7) Breshad Perriman

Expected draft position: 15-25 overall

Best Case: Philadelphia Eagles, where Perriman supplants Riley Cooper, who was graded as one of last season’s worst receivers by Pro Football Focus. Perriman seamlessly fits into the offense thanks to his run-after-catch ability and blocking prowess, while also providing the home-run threat that many feared would be missing after Jeremy Maclin’s departure.

Worst Case: Kansas City Chiefs, where Perriman’s opportunities are limited in the Chiefs’ grind-it-out offense. Albert Wilson and Travis Kelce, who both showed promise in 2014, emerge as complements to newly-acquired Jeremy Maclin and Perriman never becomes anything more than a respectable WR3 for fantasy purposes.

8) Jay Ajayi

Expected draft position: 47-57 overall

Best Case: Detroit Lions (54th pick), where Ajayi makes an instant impact after the departure of Reggie Bush, but also serves as a nice insurance policy for an aging Joique Bell. By 2016, it’s clear that Ajayi is the future and he becomes one of the top pass-catching backs in the league with the goal-line touchdown ability fantasy owners covet.

Worst Case: Arizona or San Diego, following similar scenarios to those listed for Gordon and Gurley.

9) Marcus Mariota

Expected draft position: top 9 overall

Best Case: Tampa Bay Buccaneers, where Mariota sits for the first half of his rookie season behind Mike Glennon. Mariota makes his first start on November 8th at home against the Giants, shortly before squaring off against Chip Kelly’s Eagles later that month. By then, Mike Evans, Austin Seferian-Jenkins and Vincent Jackson are firing on all cylinders and Mariota has a smooth transition into full time starter status, racking up 250 pass yards and 50 rush yards on a regular basis.

Worst Case: Tennessee Titans, where Mariota is expected to play right away. The Titans’ O-Line remains among the worst pass blocking units in the game and Mariota spends his rookie season running for his life instead of learning how to play the NFL game.2 After the 2016 season the Titans overhaul their staff again and Mariota must go through another transition, which stunts his development.3

10) Jaelen Strong

Expected draft position: 18-28 overall

Best Case: Baltimore Ravens, where Strong becomes a day one starter with room for upside. Under new OC Marc Trestman, Joe Flacco reaches new heights in his thirties and Strong is the main beneficiary, growing into the role Alshon Jeffery enjoyed in Chicago.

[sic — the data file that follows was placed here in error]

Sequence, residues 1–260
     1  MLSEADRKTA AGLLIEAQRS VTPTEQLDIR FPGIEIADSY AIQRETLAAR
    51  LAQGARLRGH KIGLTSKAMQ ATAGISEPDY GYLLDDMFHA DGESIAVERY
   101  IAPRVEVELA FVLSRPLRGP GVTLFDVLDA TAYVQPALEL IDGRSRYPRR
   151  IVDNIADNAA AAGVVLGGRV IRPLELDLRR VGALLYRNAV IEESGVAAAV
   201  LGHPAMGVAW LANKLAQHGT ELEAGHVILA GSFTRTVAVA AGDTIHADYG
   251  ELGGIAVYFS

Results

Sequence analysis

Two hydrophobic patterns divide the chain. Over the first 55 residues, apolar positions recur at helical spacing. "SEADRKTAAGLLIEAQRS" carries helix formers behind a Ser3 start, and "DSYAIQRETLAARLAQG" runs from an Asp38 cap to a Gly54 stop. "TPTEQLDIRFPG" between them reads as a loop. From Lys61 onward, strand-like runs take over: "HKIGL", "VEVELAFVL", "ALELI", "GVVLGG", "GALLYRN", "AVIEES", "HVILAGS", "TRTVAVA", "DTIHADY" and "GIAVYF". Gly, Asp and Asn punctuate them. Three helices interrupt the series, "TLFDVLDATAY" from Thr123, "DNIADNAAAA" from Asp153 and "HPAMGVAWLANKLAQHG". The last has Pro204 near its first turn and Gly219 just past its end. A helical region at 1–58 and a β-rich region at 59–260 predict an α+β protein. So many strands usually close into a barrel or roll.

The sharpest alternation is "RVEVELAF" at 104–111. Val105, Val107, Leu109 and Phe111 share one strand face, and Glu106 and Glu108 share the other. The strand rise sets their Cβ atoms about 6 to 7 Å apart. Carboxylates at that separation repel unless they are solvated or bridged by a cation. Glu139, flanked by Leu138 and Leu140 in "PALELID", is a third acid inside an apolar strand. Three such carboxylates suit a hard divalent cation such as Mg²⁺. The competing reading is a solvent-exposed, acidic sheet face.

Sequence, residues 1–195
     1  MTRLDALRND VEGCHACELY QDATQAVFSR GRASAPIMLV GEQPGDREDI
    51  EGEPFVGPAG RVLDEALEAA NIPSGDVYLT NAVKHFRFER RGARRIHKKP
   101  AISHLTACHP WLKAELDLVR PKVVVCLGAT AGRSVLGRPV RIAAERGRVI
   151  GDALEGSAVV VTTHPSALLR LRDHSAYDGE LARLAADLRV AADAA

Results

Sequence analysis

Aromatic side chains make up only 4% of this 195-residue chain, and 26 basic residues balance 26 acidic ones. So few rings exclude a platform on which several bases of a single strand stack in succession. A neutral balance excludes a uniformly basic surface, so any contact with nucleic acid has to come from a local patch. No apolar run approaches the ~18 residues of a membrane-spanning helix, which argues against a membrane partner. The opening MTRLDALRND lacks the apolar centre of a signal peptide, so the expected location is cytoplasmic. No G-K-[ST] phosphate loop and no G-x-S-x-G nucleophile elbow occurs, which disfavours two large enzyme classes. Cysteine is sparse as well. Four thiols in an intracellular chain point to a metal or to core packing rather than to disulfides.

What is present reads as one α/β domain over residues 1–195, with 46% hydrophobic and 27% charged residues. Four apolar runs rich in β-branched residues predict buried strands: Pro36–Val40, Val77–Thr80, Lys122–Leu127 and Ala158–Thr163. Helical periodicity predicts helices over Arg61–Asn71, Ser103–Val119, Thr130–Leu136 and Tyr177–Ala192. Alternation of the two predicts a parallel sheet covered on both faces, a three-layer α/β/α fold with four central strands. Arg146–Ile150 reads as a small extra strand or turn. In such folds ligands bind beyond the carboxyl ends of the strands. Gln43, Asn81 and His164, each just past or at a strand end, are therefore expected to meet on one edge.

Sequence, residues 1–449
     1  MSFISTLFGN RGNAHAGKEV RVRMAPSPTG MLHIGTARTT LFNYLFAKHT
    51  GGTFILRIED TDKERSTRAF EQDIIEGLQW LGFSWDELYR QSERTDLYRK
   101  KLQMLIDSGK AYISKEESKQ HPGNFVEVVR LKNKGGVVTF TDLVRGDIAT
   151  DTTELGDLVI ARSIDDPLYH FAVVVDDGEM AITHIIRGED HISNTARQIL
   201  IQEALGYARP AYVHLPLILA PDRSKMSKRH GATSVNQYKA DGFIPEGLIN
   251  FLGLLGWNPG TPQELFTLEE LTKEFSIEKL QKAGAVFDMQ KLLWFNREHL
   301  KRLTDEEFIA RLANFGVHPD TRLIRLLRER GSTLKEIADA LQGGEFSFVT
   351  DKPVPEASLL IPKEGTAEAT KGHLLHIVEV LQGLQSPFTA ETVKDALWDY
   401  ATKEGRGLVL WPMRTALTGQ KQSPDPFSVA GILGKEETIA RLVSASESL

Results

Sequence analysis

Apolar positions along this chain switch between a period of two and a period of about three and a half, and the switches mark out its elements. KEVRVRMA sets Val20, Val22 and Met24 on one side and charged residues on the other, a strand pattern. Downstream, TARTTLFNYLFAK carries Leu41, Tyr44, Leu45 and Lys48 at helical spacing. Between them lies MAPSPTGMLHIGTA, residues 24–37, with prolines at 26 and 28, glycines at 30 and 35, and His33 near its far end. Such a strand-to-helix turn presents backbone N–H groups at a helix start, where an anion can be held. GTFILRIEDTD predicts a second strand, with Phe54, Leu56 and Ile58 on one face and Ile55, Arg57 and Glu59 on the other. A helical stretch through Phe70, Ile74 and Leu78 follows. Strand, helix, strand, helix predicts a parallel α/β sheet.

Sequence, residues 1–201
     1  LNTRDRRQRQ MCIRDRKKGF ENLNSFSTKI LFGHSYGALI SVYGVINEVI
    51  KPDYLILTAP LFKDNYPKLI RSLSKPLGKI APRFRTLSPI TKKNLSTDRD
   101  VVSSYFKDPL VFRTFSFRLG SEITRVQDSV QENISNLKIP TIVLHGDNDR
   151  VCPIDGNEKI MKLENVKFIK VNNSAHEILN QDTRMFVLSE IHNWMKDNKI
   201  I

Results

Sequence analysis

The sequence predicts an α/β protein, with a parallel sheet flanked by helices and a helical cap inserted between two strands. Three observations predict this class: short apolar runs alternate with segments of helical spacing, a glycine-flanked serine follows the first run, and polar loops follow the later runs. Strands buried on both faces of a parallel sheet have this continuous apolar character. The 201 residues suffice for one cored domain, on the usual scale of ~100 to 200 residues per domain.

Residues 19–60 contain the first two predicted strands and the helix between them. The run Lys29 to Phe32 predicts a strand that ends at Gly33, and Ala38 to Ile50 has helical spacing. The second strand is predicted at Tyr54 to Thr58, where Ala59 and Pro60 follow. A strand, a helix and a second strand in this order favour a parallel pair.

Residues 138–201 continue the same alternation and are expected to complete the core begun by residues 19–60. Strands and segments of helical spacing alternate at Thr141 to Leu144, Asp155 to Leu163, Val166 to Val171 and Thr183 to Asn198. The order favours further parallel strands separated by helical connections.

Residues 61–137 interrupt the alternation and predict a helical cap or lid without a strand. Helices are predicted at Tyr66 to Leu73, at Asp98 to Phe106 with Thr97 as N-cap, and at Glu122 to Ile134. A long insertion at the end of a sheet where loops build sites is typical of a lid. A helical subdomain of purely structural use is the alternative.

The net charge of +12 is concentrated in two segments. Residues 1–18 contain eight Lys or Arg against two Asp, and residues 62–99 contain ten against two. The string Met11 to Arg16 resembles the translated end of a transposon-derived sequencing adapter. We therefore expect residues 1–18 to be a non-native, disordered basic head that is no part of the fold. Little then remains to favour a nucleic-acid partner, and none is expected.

Worst Case: Carolina Panthers, where Strong is slow to adapt to the NFL game. The Panthers’ offensive line fails to show improvement and Cam Newton gets sacked into oblivion before leaving town for a mega-contract after 2015. The Panthers endure several years of QB turmoil thereafter, which limits his early career production.

11) Ameer Abdullah

Expected draft position: 59-69 overall

Best Case: Indianapolis Colts (61st pick), where Abdullah instantly contributes in the return game and as a substitute for Frank Gore. Thanks to playing nine games per year indoors, Abdullah’s exposure to inclement weather, and consequently his fumble issues, are minimized and the team works him into a Gio Bernard-type role for the stretch-run of 2015 and beyond.

Worst Case: Washington Redskins (69th pick), where Abdullah looks like the heir apparent to a contract-year Alfred Morris and an instant third down contributor. Instead, Abdullah yields that role to Silas Redd, who surprisingly wins over the soon-to-be-fired coaching staff. In 2016, under a new regime, the team drafts Ezekiel Elliott or James Conner to be the workhorse and dislikes Abdullah for some unforeseen reason.

12) Nelson Agholor

Expected draft position: 37-47 overall

Best Case: New Orleans Saints (44th pick), where more than 50 percent of the team’s targets from 2014 are up for grabs. Sean Payton and Drew Brees are still there, so the passing volume should still be ample, and Agholor’s ability to line up anywhere in a formation makes him a threat to amass 1,000 yards as a rookie and for the duration of the Brees era.

Worst Case: San Francisco 49ers (46th pick), where the Niners land a receiver after missing at the 15th pick. Agholor struggles to find a role in a limited passing offense with a number of niche-skilled players. Colin Kaepernick thinks he’s too cool for new coach Jim Tomsula and the team cuts him after 2015, leaving the franchise and passing game in flux.

Jon Moore is a contributor at RotoViz and a cohost of Rotoviz Radio – A Fantasy Football Podcast.  Continue this conversation with him on TwitterGoogle+ or Facebook.

  1. This was harder than I thought.  (back)
  2. Think: David Carr 2002.  (back)
  3. If the Titans’ 2017 coach is Gus Mahlzahn, all bets are off.  (back)